In cell biology and biology in general, cytochemistry is the study of the (bio-chemical) chemical constituents of the cell. Using cytochemistry, it has also become possible for scientists and technicians to localize various chemical components or elements, which may be enzymatic or non-enzymatic in nature.
A number of techniques are used for the purposes of localizing these chemical components (of both the cells and organelles) as well as their transformation in relation to the functioning of the cells of interest.
This technique is used for the purposes of detecting a ligand bond to a given target site or cell. For this technique, molecules with a high affinity for each other are used. As such, it have proved to be an important technique for detecting neuropeptides (group of compounds that act as neurotransmitters - these are typically short-chain polypeptides).
In affinity cytochemistry, one of the most common methods is the streptavidin system (Biotin-Avidin system). Avidin (the egg white derived glycoprotein) has a high affinity for Biotin. The Biotin molecules can be attached/ coupled to a protein, which would allow the protein (biotinylated protein) to be able to bind to more than one molecule of avidin. This makes it possible to visualize any proteins that may be present in low amounts. That is, the ability to visualize proteins that are in low amounts is enhanced.
This method can also be used together with microscopy. Here, avidin is covalently linked with electron microscope markers allowing the Biotin-Avidin system to be used for the purposes of studying a wide range of biological structures and processes.
Cytochemistry Immunoperoxidase Technique
This is a staining technique that is based on enzymatic detection of antigen - antibody complex using a biotin labeled secondary antibody and subsequent signal amplification using the biotin-peroxidase and strepavidin complex.
In this method, the visualization of the antigen is made possible by the reaction between the peroxidase and diaminobenzine which forms a brown precipitate at the site of the PR protein (pathogenesis-related).
In Situ Hybridization
In situ hybridization is a technique that is used for the localization and detecting of specific mRNA sequences in tissues that have been morphologically preserved or in cell preparations. This is achieved by the hybridization of the complementary strand of a nucleotide probe to the sequence of interest.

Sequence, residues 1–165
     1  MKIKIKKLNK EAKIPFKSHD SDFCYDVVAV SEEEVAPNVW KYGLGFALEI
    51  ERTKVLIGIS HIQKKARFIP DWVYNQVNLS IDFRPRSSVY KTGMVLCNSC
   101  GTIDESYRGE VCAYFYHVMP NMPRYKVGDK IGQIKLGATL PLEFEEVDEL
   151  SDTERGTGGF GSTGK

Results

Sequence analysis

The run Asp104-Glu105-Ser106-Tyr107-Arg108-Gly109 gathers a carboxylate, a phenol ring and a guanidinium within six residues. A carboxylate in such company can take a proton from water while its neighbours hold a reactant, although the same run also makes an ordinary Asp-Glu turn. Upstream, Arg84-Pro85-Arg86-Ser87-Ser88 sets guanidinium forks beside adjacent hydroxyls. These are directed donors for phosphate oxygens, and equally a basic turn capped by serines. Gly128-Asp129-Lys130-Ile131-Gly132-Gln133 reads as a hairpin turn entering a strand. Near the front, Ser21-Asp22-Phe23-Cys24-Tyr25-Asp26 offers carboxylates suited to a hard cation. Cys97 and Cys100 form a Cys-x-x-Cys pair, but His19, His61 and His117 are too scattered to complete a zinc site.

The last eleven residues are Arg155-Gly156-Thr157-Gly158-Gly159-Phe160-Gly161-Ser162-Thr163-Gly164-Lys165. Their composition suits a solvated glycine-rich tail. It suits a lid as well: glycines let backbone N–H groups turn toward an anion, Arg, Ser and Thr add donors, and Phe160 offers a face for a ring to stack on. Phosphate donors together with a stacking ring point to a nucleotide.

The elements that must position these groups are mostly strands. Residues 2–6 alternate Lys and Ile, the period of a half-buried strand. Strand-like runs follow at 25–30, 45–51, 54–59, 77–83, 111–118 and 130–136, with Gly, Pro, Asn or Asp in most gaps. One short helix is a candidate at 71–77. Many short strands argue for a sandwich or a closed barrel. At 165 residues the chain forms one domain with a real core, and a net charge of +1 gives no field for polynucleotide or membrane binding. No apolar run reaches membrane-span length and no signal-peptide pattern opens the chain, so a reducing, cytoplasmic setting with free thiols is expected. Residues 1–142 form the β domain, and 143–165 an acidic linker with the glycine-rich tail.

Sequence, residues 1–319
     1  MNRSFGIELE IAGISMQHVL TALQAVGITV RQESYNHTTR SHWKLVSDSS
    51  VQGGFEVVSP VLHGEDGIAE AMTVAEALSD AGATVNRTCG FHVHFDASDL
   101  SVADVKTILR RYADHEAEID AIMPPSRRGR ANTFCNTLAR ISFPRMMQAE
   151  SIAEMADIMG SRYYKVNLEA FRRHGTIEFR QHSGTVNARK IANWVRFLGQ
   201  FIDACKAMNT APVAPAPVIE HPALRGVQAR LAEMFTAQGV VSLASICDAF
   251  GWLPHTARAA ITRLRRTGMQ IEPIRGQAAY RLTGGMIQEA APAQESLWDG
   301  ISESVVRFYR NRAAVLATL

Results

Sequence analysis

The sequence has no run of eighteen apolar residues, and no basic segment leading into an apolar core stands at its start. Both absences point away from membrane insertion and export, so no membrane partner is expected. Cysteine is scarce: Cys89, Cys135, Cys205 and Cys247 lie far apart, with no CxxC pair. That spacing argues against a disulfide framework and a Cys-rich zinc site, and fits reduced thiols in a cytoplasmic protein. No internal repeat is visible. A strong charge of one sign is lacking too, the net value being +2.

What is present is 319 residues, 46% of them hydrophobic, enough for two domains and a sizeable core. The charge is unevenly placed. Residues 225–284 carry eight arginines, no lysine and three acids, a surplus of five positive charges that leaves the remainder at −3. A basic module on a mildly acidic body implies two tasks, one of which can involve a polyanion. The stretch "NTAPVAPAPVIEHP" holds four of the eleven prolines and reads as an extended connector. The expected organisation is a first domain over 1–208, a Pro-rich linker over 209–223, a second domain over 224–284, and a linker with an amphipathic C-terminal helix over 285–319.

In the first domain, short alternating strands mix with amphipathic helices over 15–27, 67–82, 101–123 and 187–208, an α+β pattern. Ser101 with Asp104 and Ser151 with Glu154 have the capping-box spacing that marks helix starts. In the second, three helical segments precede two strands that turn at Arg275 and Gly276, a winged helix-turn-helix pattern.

This technique works using the same principle as normal hybridization process. In this case, there is isolation of DNA/RNA, separating it in gel, blotting it on to the nitrocellulose and finally probing it with a complementary sequence. With in situ hybridization, the only exception is that a probe is used for the purposes of detecting the specific nucleotide sequences within the cells or tissue of interest.
This being a sensitive technique, the threshold levels of detection range between 20 and 50 copies of mRNA per cell.
This method has often been used to indicate the localization of gene expression in their respective environments. Here, the labeled RNA or a DNA probe is used to hybridize a given target mRNA/DNA sequence within the sample of interest. It becomes possible for the RNA or DNA probe to be detected using an antibody that can detect the label of the probe.
One of the problems that is likely to be experienced with this technique is with regards to the sequence to be detected. Here the sequence tends to be at a lower concentration. It may also be masked because of associated protein or protected within the cell/cellular structure.
In this case, probing the tissue/cell of interest requires that one increases permeability of the cell as well as the visibility of the nucleotide sequence so as to probe while at the same time avoiding destroying the structure of the cell/tissue. Some of the probes used in this technique include:
Oligonucleotide probes - They are synthetically produced through an automated chemical synthesis process. They have a number of advantages including being resistant to RNases in addition to the fact that they are small (40 to 50 base-pairs) which makes it easier during penetration into the cell or tissue of interest. Lastly, they are single stranded which is a big advantage in that the possibility of renaturation is greatly minimized.
Single stranded DNA probes - Despite being larger (200 to 500 bp) these probes have advantages similar to Oligonucleotide probes.